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First Time Buyers To Get 25% Deposit Bonus With New ISA

If you’re saving up for your first house or looking to move, you might view the new figures from Nationwide Building Society with some trepidation. The lender’s data for March to April shows that the average house price in the UK has risen slightly for the first time in several months, and now stands at £193,048.


Now in real terms, if you’re saving up for your first property, a deposit of 10% equates to around £19,300; if you want a really good deal on your mortgage rates then you will have to save even more than this, and some lenders may even demand it.

The good news is that the government has outlined plans for a new savings scheme that will potentially help first time buyers meet their savings targets more quickly – by giving them a bonus of 25% through a new ISA.

If you haven’t already investigated Individual Savings Accounts (ISAs), they are a way of saving an agreed maximum amount, tax-free. The new Help to Buy ISA will be available through banks and building societies, and first time buyers will receive a bonus representing 25% of the amount saved.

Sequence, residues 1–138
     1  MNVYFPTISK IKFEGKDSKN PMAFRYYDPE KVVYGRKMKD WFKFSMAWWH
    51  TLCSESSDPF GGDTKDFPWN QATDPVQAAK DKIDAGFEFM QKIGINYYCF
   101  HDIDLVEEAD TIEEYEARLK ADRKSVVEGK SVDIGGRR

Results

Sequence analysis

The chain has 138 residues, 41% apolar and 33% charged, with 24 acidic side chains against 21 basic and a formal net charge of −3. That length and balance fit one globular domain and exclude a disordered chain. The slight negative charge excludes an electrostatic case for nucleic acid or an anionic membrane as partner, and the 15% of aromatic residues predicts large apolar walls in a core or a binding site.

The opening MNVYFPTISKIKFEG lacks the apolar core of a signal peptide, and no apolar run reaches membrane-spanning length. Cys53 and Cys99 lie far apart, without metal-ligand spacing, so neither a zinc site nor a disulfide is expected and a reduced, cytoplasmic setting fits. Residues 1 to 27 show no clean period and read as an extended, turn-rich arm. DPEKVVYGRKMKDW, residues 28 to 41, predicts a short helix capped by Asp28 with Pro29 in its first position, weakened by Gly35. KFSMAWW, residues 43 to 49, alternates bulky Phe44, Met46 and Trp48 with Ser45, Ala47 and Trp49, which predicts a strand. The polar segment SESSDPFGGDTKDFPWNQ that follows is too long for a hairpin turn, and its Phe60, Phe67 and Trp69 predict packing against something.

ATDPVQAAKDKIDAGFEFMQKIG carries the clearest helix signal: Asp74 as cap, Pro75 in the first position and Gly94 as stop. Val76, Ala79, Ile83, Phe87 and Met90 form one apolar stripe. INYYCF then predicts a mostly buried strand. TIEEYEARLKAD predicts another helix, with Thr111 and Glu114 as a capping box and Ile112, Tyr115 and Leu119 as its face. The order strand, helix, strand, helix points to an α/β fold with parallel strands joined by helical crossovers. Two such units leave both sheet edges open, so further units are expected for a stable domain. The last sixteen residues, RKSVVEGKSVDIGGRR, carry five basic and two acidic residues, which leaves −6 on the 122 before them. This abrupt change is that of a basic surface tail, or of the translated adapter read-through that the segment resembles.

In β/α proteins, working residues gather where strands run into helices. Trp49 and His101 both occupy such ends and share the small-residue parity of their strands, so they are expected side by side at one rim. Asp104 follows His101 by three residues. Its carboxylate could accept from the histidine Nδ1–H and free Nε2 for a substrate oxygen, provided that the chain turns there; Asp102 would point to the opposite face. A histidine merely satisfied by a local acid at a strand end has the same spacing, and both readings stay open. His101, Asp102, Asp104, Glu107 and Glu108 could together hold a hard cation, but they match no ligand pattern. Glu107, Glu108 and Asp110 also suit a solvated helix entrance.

For example, the maximum monthly saving of £200 will attract an additional contribution from the government of £50, to a maximum contribution of £3,000 on £12,000 of savings.

If you’re saving up for a home with your friend, partner or spouse, the ISAs are available per person rather per home; so both of you will be eligible for the bonus.

This scheme hasn’t been officially launched yet as the government is still negotiating with banks over the small print. In addition, if you’re already paying into an ISA, Money Supermarket warns that savers won’t be able to open or contribute to both a cash ISA and a Help to Buy ISA in the same tax year.

If you’re saving for a home and an emergency threatens to derail your nest egg, you might consider a Logbook Loan to tide you over. These are ideal for short term borrowing, and you can pay them back as early as you like without incurring penalties. See more on our How Logbook Loans Work page.

Budget 2015, ISA, Money Saving